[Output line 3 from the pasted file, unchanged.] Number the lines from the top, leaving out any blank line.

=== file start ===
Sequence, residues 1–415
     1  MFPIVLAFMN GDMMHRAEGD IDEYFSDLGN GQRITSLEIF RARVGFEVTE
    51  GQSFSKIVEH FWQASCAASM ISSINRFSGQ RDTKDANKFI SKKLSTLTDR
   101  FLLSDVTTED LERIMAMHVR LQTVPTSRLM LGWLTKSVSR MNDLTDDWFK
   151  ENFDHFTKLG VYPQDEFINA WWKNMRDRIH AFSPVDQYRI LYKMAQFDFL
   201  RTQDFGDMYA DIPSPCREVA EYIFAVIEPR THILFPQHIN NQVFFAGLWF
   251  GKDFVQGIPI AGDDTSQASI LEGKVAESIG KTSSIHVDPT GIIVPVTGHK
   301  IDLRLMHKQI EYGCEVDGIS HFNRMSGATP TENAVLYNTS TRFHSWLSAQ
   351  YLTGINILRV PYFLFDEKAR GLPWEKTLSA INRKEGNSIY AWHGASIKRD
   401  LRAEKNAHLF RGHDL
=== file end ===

    51  GQSFSKIVEH FWQASCAASM ISSINRFSGQ RDTKDANKFI SKKLSTLTDR